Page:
Suicide. It can be difficult word to say and challenging conversation to have, talking about someone ending their own life. Many languages in the world (including many here in Canada) do not have a word for such a thing.
Suicide in itself is complex. There are psychological, social, biological, cultural and environmental factors that bring people to a space where someone is most vulnerable to suicide. Yet, addressing suicide doesn’t have to be complex. It can start with kindness, care and concern. Sharing these things with someone who you think might be susceptible or at risk of hurting themselves is the first and can be the most important step.
Start by asking someone, are you OK, and be ready to simply listen; not judge and not try to fix what is happening; but simply reinforcing that they matter to you, they are important and how much they belong in your life. Feeling alone in the world can increase the risk of suicide and for someone who has become disconnected from family, friends, their community or their activities – that re-connection and reminding them that you care, can open a path that leads them to the support they require. It becomes the protective component that can decrease the risk they might be facing.
After you let them know you are there for them and you listen to them, encourage them to seek further support from health professionals, family, friends, Elders or others they trust to continue the healing inside that started with your simple question…Are you OK? This is Suicide Prevention Month and the goal around the world is to get more of us to reach out and help saving lives by preventing suicide.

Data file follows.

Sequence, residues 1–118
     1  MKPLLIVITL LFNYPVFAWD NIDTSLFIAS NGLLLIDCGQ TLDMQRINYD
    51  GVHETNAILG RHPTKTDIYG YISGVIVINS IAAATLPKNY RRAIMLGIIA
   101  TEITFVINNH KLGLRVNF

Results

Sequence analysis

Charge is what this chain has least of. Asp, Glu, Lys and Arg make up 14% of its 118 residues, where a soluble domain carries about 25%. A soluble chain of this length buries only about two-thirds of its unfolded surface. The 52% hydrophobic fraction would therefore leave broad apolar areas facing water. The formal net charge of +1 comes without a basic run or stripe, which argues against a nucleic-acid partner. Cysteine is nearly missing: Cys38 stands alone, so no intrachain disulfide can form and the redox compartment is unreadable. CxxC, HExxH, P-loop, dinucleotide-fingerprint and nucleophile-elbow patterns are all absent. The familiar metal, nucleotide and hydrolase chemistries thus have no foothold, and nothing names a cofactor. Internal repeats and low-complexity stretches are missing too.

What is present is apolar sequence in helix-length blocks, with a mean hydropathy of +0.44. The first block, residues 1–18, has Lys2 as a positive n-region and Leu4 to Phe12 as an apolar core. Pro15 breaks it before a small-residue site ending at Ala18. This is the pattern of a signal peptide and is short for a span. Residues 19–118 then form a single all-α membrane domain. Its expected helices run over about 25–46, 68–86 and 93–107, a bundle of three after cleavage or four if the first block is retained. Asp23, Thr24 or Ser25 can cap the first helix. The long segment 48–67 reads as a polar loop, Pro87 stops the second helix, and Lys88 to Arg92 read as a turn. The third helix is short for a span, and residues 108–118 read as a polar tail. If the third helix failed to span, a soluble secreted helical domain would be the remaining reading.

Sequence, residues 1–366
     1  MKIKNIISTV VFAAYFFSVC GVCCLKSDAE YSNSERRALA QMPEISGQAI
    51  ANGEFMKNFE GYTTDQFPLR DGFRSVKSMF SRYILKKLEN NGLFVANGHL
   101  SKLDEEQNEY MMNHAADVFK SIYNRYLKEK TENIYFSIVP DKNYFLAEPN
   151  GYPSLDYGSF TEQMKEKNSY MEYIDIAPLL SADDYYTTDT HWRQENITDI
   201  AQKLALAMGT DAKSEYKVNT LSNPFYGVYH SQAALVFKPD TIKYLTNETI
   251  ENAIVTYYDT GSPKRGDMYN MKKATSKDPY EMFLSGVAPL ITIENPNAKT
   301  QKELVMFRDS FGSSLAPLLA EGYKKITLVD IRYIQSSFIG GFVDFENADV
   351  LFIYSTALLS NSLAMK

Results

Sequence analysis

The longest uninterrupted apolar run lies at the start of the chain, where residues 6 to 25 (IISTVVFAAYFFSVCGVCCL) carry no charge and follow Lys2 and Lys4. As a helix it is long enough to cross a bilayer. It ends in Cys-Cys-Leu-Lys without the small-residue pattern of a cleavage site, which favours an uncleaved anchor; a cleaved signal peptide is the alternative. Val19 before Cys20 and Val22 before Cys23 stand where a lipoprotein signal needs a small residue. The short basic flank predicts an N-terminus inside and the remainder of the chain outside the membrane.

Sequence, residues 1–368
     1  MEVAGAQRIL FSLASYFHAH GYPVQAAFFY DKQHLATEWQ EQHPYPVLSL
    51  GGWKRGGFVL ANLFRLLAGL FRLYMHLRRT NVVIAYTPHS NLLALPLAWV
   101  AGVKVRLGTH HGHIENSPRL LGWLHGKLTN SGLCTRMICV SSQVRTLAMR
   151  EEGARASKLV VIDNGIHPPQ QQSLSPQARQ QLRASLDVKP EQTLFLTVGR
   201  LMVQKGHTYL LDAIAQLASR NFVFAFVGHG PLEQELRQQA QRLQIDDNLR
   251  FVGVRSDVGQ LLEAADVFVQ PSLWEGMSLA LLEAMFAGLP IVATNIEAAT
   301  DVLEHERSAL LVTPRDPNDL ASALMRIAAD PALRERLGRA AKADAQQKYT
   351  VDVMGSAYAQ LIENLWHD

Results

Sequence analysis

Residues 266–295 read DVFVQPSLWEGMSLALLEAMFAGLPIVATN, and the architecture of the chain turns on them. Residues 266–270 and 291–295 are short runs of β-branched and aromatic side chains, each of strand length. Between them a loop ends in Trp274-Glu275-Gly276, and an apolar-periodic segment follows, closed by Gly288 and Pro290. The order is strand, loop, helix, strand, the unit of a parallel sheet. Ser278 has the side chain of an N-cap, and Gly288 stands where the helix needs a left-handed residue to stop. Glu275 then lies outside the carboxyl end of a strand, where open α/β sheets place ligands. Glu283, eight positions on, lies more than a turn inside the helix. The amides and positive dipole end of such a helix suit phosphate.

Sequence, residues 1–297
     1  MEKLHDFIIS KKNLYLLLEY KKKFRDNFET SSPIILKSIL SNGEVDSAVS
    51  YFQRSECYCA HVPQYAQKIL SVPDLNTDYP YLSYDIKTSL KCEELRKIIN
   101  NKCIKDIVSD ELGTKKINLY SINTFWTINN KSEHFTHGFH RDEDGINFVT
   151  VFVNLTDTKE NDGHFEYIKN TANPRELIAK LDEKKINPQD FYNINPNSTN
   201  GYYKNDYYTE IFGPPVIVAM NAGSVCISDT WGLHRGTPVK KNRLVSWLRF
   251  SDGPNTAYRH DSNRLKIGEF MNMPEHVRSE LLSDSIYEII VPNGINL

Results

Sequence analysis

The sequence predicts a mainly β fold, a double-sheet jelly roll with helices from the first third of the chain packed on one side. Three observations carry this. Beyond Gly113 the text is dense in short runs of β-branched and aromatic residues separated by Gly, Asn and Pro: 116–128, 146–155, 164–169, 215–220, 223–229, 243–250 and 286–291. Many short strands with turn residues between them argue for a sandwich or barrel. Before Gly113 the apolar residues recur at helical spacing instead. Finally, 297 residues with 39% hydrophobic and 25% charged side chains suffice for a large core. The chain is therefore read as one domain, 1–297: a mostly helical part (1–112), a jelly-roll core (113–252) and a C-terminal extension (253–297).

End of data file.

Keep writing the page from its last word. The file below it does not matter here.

Are you OK. The most important question you can ask today.
If you are currently not OK or know someone who isn’t and want to talk to someone:
Check out MindYourMind where you can access their help page (and be sure to visit the rest of their amazing site) and get connected to excellent tools.
Visit The Canadian Association for Suicide Prevention for a list of Crisis Centres across Canada and other valuable information and resources to reduce the risk of suicide.
If you are under 18 and need to talk be sure to call the Kids Help Phone at 1-800-668-6868. Be sure to visit their website for other young people’s stories and experiences.
Regardless of who you call, talk to or reach out to – please do. You matter. You Are Important. You Belong. We promise.